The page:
Information Overjoy - Voila!

Bonjour! Just back yesterday from a 2-week vacation in France and catching up on the recent discussion thread on the actKM forum on infoluenza (Luke Naismith), info detox (Matt Moore), vacations and device-obsesssion (Kaye Vivian) and French women who don’t get fat (Luke again) makes me feel like I never left France afterall.

Proud to say I took only my mobile phone for emergency comms and my videocam to capture the memories of my sister’s wedding, I deliberately chose to leave behind my PDA and laptop and become (almost) incommunicado. While it was not an info detox programme I was on (don’t think that is possible with me unless I am able to shut down all my senses), I was absorbing loads of new information all the time and enjoying it. Medieval castles, Renaissance art, Benedictine basilicas and monasteries, vineyards and wine cellars, meeting with the who’s who in the Burgundian wine making industry, learning a Burgundian folk song and some of their wedding traditions, and so on. There were also many of own episodes of “Lost” in Burgundy when we travelled from Paris to Dijon by car, using only segments of maps of the route my bro-in-law had printed off the web (I’m sure this qualifies for another blogpost).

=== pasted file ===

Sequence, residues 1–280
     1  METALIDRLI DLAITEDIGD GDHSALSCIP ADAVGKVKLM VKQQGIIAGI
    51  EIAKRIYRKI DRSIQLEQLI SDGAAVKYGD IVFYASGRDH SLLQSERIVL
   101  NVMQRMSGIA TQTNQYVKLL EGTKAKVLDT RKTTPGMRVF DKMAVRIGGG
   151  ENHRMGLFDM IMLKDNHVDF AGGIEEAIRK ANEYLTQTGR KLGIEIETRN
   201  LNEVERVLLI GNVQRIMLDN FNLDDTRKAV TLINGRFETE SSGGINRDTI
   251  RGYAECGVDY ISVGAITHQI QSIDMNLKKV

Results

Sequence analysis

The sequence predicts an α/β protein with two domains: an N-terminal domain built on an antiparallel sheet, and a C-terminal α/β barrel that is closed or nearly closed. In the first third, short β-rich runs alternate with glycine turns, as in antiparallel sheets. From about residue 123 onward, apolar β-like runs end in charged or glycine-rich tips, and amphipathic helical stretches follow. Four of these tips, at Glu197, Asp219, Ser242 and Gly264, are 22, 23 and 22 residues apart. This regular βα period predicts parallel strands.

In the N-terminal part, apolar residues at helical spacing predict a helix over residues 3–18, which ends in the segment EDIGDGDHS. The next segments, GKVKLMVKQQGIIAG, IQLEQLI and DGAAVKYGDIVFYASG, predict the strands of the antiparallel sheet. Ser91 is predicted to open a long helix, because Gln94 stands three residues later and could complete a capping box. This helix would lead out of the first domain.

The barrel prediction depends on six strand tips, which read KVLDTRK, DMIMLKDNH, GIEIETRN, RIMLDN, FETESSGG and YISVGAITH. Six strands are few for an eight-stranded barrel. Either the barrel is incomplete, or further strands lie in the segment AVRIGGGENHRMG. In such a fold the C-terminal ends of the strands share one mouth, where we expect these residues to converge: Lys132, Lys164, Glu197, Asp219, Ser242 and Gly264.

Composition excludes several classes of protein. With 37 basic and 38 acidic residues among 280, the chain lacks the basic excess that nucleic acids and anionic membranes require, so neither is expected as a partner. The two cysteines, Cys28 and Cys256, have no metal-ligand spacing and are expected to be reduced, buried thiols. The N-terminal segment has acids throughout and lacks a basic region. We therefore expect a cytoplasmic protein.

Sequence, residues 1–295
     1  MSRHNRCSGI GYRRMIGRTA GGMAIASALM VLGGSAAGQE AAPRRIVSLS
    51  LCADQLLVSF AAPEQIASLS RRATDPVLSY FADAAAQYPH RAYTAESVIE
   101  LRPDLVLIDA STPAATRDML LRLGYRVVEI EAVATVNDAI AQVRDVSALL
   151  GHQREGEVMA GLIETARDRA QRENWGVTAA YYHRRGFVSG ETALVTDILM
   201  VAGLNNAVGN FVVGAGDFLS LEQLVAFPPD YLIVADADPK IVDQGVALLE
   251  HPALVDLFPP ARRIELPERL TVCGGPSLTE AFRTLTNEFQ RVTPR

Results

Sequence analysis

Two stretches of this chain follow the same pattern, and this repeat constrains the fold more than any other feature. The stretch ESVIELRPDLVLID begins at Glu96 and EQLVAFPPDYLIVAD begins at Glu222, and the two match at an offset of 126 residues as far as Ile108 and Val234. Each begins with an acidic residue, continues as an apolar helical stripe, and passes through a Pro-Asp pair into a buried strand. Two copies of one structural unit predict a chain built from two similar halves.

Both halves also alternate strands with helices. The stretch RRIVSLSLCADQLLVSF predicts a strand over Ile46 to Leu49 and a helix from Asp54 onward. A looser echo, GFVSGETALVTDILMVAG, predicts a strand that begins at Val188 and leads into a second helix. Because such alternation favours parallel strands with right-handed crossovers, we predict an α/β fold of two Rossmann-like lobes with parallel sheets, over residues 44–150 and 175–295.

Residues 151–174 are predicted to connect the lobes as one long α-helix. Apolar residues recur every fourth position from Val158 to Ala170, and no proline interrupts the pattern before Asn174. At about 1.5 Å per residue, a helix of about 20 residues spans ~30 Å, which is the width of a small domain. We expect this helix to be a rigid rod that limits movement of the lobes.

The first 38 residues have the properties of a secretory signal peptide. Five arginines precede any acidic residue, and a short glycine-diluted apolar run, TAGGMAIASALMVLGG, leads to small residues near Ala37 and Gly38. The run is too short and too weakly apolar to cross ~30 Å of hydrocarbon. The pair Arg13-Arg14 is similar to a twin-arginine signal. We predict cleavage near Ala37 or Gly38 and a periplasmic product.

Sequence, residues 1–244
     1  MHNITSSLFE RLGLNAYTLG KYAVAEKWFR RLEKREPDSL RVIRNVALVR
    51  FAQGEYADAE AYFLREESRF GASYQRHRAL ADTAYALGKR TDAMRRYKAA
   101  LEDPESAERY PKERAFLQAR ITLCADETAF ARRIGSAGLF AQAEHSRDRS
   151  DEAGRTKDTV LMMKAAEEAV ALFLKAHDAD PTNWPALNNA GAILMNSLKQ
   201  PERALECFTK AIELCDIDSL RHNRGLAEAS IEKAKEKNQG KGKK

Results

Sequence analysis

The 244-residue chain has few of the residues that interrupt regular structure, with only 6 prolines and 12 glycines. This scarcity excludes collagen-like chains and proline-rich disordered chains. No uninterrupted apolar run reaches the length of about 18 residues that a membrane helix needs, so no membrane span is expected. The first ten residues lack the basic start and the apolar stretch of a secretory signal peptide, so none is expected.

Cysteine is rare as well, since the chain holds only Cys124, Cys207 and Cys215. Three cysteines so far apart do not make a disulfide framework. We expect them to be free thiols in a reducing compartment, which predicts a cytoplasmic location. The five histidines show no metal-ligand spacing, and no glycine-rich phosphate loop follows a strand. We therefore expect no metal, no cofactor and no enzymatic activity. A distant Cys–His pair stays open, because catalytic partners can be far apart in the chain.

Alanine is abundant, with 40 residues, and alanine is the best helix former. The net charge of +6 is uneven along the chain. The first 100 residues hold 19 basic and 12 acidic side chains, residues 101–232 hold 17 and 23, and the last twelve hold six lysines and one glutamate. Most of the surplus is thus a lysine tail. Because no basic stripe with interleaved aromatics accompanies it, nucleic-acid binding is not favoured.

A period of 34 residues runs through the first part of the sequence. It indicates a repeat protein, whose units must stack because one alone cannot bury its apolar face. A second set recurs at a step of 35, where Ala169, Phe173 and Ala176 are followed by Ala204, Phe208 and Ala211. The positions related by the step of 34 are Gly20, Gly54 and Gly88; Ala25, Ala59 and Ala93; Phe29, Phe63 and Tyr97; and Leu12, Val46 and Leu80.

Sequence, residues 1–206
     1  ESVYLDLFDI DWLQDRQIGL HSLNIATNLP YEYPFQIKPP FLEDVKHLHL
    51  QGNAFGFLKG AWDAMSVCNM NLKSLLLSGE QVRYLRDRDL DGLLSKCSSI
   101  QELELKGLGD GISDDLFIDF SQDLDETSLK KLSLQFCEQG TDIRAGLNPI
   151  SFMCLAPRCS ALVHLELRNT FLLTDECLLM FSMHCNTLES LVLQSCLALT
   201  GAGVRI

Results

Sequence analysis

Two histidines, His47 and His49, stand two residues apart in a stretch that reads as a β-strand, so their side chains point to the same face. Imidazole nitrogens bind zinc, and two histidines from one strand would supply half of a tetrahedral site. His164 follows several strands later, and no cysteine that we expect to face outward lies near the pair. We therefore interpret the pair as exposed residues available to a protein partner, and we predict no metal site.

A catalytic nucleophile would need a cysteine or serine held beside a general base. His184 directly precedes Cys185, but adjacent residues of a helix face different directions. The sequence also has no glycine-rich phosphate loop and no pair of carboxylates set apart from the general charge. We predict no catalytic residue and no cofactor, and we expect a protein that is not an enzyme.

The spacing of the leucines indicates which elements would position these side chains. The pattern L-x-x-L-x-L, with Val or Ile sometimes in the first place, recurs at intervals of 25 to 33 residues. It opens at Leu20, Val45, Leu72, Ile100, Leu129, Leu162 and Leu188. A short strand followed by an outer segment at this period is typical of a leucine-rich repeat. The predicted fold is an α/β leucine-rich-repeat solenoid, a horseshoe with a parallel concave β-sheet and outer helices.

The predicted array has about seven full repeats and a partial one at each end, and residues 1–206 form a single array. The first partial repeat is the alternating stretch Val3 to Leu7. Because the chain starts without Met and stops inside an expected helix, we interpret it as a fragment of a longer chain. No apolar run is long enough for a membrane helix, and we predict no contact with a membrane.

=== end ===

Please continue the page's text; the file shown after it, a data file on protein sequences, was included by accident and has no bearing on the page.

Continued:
The holiday was delightfully hectic but I believe the “distance” I had from my various comms devices enabled me to enjoy the “here and now”. I was not distracted with email, googling or skyping but enthusiastically soaking in everything going on around me, my senses heightened by the entire experience. I had a gem of a guide, my sister’s father-in-law, a wine-maker who was a oenologist (even learnt that new word). I did not have info overload, I had info overjoy.

Back to the discussion on infoluenza, it seems to me that info overload has little to do with the amount of information we get. What we term as overload or overjoy depends very much on the level of utility we derive from the information we receive, irrespective of amount. For me, the level of info utility was high when I was in Burgundy because I was discovering new stuff in an enjoyable, experiential way. I guess other people would define utility in their own personal way.

I like what Luke said about being more like the French by eating our information fresh and in season – that to me is being in the “here and now”.

As for the French women, I have to admit that the majority of them that I saw were trim. Why even I lost weight after my trip : ) I was walking down to the Panthenon one sunny afternoon and saw this woman jogging, heading towards me. She had on a fitting T-shirt and a pair of cycle shorts. She was well-proportioned, had a super-curvaceous body and a great posture. I was absolutely impressed, so much so I had to turn around and look at her when she passed me. Then, there it was – reality. She had cellulite on the back of her thighs! Yes!! Trust a woman to spot even the minutest of “imperfections”!

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